When you drag yourself to the shops on your way home from work in the coming weeks (there are only so many times you can face the same Deliveroo guy handing over a pizza-for-one), you might find yourself filling your basket with less three-for-£10 packets of meatballs, and more carrots and cabbages.
At least that's what scientists from the University of Oxford are hoping.
It was announced yesterday that Oxford researchers, in conjunction with supermarket Sainsbury's and the Wellcome Trust charity, will be redesigning supermarkets to encourage shoppers to buy less meat and more vegetables. Because, you know, our carnivorous lifestyles are harming the planet and our health.
The project launches this week and will be trialled in Sainsbury's "local" stores, superstores, and through its online grocery service. The supermarket chain hasn't yet revealed which stores will be part of the trial, so next time you pop in to pick up some bangers for dinner, you could find yourself leaving with a packet of Linda McCartney's finest.
Proposed tactics to encourage people to buy less meat and more veg include putting veggie alternatives on the same shelves as meat products; awarding loyalty points to shoppers when they buy vegetarian products; and providing recipe cards to suggest ways of switching to a less meat-heavy diet. The research aims to find which methods are the most effective in changing shoppers' habits.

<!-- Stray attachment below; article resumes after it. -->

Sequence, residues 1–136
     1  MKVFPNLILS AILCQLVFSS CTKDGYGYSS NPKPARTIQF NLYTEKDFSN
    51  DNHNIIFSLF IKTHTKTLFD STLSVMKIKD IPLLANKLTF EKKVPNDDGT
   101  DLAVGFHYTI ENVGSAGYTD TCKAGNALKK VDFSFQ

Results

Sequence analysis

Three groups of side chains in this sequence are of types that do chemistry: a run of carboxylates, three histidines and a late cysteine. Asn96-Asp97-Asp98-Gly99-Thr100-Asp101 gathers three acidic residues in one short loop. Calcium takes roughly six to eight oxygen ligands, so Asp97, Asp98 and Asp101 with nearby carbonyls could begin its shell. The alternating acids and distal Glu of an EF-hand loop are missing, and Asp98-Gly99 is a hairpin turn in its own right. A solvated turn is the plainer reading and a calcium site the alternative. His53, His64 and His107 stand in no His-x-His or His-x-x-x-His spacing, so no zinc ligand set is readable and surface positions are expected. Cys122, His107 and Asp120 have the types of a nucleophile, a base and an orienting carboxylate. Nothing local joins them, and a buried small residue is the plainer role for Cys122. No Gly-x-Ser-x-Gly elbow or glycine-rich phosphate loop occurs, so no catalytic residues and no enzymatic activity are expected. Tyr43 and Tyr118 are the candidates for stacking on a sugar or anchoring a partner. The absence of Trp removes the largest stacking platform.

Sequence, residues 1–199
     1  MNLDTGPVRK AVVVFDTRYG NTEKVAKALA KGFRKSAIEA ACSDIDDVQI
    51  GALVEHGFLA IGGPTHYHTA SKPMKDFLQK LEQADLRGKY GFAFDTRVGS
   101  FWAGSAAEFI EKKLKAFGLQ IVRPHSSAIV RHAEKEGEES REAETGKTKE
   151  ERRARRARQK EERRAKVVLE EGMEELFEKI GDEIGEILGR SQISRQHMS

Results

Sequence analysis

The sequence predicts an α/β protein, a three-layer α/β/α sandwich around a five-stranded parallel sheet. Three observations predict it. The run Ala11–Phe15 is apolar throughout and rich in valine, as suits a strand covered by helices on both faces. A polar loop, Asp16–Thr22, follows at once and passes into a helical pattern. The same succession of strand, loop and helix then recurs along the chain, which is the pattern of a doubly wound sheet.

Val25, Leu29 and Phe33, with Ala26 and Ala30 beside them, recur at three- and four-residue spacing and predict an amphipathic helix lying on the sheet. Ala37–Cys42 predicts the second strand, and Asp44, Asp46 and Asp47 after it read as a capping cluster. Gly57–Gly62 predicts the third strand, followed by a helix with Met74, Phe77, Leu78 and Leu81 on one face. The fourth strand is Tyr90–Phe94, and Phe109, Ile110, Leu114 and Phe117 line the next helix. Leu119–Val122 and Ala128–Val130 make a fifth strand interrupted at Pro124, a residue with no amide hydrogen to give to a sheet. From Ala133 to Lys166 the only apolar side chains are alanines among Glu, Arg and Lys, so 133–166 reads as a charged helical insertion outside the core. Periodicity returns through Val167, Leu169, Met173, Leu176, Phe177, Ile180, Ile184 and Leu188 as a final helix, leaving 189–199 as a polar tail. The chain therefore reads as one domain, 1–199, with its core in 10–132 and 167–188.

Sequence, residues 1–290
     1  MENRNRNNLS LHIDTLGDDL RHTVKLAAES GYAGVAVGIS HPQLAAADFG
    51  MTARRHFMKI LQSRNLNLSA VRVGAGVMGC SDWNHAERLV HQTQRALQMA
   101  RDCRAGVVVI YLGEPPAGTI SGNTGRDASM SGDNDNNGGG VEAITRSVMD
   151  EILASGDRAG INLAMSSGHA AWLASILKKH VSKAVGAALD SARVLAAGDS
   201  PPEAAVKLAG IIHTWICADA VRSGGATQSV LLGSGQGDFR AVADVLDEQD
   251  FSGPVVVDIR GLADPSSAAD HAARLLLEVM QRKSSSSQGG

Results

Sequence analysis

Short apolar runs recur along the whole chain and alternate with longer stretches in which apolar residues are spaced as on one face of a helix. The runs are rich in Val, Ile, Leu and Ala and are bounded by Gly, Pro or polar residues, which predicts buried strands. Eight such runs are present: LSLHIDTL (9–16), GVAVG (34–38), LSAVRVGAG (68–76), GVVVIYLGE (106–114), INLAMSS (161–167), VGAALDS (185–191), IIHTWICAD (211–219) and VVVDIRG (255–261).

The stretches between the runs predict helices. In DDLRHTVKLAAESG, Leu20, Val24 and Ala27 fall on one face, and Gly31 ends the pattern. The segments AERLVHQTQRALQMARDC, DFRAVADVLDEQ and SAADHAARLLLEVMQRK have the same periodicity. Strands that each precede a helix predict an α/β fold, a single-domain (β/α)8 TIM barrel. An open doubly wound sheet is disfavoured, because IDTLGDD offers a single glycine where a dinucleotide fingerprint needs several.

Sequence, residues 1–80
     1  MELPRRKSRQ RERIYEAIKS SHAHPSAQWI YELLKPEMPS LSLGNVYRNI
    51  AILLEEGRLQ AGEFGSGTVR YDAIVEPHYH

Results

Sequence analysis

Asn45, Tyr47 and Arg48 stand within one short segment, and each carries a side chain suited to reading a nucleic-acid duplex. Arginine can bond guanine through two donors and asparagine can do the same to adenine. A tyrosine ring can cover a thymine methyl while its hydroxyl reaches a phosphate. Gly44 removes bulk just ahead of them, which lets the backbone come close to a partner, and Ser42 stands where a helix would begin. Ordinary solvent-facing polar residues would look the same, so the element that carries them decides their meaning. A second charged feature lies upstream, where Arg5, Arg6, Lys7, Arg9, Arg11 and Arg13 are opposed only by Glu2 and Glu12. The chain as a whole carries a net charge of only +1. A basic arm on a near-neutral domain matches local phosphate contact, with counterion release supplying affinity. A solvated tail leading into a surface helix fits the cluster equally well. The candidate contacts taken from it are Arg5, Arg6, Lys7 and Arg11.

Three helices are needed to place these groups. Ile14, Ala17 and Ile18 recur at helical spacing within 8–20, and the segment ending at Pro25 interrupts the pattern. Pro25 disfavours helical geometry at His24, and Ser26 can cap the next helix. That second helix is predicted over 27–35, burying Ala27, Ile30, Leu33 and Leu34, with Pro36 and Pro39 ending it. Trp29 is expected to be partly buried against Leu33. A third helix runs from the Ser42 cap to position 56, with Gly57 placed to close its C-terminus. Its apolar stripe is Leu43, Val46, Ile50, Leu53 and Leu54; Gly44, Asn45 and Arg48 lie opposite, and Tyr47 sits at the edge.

So, no Post-It notes comparing pork chops to Peppa Pig, then?
Speaking to MUNCHIES, Dr Sarah Molton who is leading the project at the Wellcome Trust, said that the study is in its early stages but the results could have the potential to change how we shop for food. She said: "The amount and type of meat and dairy products we eat are key drivers of both our health and the health of the environment and reducing how much of these products we eat is therefore a win-win."
Dr Molton continued: "As for whether this can be rolled out to other supermarkets, we'll have to wait and see—it's a five year project. This research is necessary because we have so little evidence of what works and this will give us much more insight into what practical and effective solutions may look like."
In other words, the project will show how blindly we fall for marketing tricks—just like the impressionable sheep we all are. Sorry, the impressionable tofu-based meat alternatives.